Peter Neumann, director of the Center for the Study of Radicalisation at King’s College, London University, said the Gaza convoy incident could prove to be a “tipping point” similar to the publication of U.S. abuse of Iraqi prisoners at Abu Ghraib prison, credited by analysts with deepening Arab and Muslim opposition to Western intervention in Iraq. “I’d expect a significant impact from this on radicalisation,” he told Reuters.
In Britain, Muslim activists reported fury at the incident. “My streets are in danger, and I say ‘streets’ meaning not just Bradford but the whole UK. This makes trouble for us peacemakers,” said Owais Rajput, a researcher at Bradford University in West Yorkshire, the home area of three of the four men who killed 52 people in the London attacks of 2005.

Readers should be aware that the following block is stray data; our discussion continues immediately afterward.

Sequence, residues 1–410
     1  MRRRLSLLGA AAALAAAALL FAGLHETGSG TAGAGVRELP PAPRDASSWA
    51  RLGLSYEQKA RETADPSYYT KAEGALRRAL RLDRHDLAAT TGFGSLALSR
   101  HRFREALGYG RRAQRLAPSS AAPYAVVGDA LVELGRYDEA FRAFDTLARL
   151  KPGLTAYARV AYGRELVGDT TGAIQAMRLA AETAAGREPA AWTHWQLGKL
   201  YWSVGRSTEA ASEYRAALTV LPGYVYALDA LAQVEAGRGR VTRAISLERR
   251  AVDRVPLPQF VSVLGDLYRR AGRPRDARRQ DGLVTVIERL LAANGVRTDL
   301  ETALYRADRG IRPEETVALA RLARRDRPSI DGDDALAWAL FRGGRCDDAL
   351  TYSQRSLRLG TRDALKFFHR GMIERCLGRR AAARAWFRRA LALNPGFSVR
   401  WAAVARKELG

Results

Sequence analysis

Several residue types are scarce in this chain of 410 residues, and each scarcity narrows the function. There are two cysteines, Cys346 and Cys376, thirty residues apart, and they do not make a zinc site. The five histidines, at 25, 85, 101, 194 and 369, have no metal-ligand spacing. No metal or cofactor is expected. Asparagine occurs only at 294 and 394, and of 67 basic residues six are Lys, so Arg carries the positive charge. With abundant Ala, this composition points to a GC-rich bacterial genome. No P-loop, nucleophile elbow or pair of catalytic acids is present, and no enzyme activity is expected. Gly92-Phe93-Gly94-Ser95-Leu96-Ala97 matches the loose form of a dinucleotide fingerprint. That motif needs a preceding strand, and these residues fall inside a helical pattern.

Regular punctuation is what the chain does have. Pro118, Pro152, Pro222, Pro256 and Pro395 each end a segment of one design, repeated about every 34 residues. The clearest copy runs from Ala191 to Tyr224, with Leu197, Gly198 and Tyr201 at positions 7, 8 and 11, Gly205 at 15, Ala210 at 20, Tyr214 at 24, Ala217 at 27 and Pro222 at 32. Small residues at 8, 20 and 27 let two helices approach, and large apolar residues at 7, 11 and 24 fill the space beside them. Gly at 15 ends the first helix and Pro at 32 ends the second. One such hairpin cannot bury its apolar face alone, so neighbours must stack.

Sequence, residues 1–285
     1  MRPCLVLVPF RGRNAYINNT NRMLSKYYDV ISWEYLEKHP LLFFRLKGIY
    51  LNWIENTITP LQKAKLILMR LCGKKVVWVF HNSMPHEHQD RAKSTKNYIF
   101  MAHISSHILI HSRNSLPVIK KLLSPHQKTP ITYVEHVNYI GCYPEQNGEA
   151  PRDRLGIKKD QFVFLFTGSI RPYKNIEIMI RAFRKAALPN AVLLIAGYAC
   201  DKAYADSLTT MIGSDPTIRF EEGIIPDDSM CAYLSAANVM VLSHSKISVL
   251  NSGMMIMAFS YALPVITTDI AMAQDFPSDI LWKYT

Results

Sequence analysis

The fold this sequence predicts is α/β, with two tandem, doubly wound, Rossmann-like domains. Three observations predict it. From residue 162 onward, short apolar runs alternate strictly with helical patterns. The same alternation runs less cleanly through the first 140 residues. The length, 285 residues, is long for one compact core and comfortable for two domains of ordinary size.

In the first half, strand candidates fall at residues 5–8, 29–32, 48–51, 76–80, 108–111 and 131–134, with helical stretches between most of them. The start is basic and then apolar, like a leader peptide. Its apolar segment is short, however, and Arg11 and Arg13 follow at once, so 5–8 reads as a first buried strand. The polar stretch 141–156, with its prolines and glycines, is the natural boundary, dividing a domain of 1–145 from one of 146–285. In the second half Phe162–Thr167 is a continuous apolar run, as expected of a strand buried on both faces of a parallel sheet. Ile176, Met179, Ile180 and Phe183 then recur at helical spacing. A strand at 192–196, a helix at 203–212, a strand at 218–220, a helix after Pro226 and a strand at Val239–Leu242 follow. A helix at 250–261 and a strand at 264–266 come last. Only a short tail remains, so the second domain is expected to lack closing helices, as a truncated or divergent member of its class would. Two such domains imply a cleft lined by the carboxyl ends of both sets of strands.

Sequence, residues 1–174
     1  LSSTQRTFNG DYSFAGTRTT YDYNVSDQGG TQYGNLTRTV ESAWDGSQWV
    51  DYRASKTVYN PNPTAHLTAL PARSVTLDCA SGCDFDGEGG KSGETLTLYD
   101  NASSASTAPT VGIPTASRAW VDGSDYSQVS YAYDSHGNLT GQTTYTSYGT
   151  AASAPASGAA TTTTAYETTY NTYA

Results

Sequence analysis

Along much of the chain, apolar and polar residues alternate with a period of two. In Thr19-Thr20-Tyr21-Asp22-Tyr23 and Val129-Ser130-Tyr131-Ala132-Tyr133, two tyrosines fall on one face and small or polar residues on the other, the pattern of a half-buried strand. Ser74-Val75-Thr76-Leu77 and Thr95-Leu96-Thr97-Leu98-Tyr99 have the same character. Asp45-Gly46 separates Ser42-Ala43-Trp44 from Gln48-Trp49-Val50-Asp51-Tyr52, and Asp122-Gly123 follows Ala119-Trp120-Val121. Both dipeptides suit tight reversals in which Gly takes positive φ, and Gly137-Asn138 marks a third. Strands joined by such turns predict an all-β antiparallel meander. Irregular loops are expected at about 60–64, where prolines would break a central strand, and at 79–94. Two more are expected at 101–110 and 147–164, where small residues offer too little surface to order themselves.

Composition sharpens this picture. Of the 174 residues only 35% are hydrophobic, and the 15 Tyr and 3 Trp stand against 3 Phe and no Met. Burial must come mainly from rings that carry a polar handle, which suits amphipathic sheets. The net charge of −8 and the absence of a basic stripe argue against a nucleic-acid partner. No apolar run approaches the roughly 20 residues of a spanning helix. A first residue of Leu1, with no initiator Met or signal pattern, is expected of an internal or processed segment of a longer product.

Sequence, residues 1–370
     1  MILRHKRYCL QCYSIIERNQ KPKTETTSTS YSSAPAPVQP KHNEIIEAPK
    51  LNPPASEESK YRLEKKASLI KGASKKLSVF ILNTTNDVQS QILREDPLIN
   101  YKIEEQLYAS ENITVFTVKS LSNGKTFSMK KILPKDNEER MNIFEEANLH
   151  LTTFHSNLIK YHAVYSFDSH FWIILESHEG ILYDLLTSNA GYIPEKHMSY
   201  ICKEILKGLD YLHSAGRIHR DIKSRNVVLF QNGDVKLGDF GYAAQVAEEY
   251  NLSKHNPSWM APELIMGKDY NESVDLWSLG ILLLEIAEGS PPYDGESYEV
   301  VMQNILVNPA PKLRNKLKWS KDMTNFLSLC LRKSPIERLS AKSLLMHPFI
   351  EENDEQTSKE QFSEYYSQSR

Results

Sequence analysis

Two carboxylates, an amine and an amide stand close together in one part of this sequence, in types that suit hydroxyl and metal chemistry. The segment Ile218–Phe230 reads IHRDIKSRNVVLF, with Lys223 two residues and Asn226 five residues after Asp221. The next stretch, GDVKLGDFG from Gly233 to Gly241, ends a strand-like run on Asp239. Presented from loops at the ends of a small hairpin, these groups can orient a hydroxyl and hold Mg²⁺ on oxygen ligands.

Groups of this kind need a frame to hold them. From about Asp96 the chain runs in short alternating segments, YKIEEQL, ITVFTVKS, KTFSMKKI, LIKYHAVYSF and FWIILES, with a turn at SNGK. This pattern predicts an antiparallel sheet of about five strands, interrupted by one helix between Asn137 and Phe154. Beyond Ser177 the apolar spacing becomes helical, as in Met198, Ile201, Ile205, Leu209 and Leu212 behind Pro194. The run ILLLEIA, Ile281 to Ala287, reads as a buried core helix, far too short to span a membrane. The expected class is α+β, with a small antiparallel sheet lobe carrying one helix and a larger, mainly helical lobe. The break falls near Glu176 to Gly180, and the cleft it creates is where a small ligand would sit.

Abu Muaz of Call2Islam, a radical British-based Muslim group that seeks uncompromising opposition to Israel, said in the past two days there had been “a lot of anger among the youth.” “They ask what’s the point of just demonstrating? In the mosques, the imams don’t have a solution.”